Dance

Traditional Canadian street fair uses fun flash mob to celebrate Greek culture

October 16th, 2020

Greece is known for having a rich and vibrant culture, as the Greeks made great contributions to philosophy, mathematics, and astronomy.

Being Greek means being very proud of your cultural heritage and celebrating it with great passion. United by their traditions, Greek people in Canada celebrate their culture annually.

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YouTube Screenshot Source: YouTube Screenshot

It happens in downtown Ottawa, and we warn you: the video will prompt you to dance.

The Ottawa Greek Community is dedicated to organizing special events that attract Greek people all across Canada to celebrate their culture. Known for amazing food, wines, health products, religion, language, and music, Greek culture clearly has a lot to offer—and this video shows that any bystander is more than welcome to join.

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YouTube Screenshot Source: YouTube Screenshot

So, what is it all about?

The video shows a Greek dance flashmob that aimed to promote the 2011 Ottawa Greek Festival. It happens in the middle of the ByWard Market, which is Ottawa’s main tourist attraction in downtown Ottawa in Ontario, Canada.

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YouTube Screenshot Source: YouTube Screenshot

If you happen to visit Canada, and you’re in seek of shopping, dining, arts, or entertainment–go to ByWard Market.

Greeks know that very well, and that’s why they decided that it’s a perfect place to surprise citizens, regardless of their culture, and offer them a piece of Greece. The festival is held every August, and it lasts a couple of days. Find out more at the official website.

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YouTube Screenshot Source: YouTube Screenshot

First, you’ll see a band in the middle of the street.

They are about to play a song, but the man approaches them and asks for Zorba. So, what is it? Zorba is the main protagonist of the 1964 movie Zorba the Greek. Zorba, who was played by Anthony Quinn, is a Greek musician who popularized the dance called Sirtaki.

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YouTube Screenshot Source: YouTube Screenshot

It’s also known as Zorba’s Dance and is a mixture of slow and fast rhythms of the traditional hasapiko dance.

The name sirtaki translates to “drag” or “lead” in dance. In case you haven’t seen anyone dance sirtaki yet, the “dragging dance” style will be much clearer to you after you see the video. It begins with a couple of people dancing in the street, but before long, we were amazed by the phenomenal atmosphere they created.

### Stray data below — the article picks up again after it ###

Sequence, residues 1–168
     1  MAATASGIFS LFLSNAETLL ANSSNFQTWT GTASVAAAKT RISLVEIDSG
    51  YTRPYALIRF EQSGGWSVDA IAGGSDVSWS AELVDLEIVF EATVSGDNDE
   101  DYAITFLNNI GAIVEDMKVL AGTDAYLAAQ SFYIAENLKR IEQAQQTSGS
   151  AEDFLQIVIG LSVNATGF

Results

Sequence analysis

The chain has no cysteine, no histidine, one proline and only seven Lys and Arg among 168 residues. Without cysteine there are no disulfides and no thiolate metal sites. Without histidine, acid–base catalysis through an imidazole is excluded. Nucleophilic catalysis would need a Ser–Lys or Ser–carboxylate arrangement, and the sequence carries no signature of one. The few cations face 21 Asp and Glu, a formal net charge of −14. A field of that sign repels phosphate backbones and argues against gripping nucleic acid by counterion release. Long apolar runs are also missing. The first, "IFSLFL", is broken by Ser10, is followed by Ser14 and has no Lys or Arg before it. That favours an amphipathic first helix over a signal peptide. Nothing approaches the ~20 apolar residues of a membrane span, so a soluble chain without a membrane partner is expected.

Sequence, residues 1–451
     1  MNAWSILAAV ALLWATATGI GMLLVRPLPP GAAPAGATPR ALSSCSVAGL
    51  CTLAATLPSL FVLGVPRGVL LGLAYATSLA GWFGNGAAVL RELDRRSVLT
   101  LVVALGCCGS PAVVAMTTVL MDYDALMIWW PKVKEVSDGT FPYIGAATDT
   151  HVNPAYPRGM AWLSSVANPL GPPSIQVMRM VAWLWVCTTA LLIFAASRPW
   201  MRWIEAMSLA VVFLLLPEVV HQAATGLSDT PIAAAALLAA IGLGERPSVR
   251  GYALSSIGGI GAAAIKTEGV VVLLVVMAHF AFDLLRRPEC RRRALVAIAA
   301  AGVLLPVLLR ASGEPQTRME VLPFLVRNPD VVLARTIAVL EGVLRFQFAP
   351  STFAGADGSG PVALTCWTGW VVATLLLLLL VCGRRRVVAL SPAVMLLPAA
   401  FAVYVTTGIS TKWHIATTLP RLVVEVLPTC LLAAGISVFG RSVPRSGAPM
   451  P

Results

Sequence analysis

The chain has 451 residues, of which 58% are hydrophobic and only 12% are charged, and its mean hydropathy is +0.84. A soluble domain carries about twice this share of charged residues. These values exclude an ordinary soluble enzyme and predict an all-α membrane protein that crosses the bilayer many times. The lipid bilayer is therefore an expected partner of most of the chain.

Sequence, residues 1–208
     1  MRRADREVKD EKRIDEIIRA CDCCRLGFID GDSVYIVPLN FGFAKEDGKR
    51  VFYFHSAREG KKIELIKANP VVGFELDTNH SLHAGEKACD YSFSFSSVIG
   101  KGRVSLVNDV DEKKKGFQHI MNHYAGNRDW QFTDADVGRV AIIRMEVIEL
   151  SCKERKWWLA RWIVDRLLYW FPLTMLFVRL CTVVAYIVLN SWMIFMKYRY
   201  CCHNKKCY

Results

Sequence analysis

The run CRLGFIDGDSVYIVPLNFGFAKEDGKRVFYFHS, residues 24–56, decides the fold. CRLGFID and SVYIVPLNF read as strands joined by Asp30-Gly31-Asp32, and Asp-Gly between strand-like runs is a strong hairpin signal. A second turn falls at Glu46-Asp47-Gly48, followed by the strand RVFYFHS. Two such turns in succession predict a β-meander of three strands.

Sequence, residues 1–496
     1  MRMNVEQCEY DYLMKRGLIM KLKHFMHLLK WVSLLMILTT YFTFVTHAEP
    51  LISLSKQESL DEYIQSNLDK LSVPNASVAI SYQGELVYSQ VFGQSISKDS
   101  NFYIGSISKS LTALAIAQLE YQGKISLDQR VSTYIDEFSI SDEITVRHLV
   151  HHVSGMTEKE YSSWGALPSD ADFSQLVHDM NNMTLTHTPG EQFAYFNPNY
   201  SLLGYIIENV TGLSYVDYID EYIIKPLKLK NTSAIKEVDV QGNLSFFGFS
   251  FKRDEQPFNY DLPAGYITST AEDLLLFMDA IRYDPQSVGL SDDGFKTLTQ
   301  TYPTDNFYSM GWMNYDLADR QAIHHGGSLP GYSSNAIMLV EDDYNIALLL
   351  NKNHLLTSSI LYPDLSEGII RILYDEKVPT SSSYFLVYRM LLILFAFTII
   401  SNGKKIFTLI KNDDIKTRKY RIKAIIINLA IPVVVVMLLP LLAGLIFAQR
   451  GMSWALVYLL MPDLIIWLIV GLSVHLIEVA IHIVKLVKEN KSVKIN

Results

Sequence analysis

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YouTube Screenshot Source: YouTube Screenshot

It’s raining a bit, but nobody seems bothered at all.

Soon everyone joins in, and you have a huge crowd of smiling faces dancing around. This might be the best flashmob we’ve seen in a while!

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YouTube Screenshot Source: YouTube Screenshot

People are dancing around and having a great time—children join in and then you see a man running out of a restaurant with a whole mountain of plates in his arms.

Why? Those white plates are about to be broken, and the man who ordered sirtaki breaks the first one.

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YouTube Screenshot Source: YouTube Screenshot

It’s a well-known tradition that serves to fool the evil spirits.

Greeks believe that bad spirits won’t come anywhere near happy people when they hear the noise, hence the smashing of those plates. If you make a ruckus, nasty creatures will think you’re angry or upset when in fact, you’re celebrating.

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twitter.com/OttawaGreekFest Source: twitter.com/OttawaGreekFest

What an interesting custom!

Since this clip was posted, it has earned more than 14 million YouTube views.

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facebook.com/OttawaGreekFest Source: facebook.com/OttawaGreekFest

When everyone in the crowd said “Opa!” out loud at the same time, we almost felt as if we were there sharing the same joy.

This is such a great way to celebrate a culture! The universal treasure of mankind is the ability to share love, friendship and kindness, regardless of age, color, religion, or nationality.

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instagram.com/OttawaGreekFest Source: instagram.com/OttawaGreekFest

We’re happy to think about that lesson every day, especially if it’s in such a jolly manner!

Check out the full performance below:

Please SHARE this with your friends and family.

Source: YouTube/OttawaGreekFest

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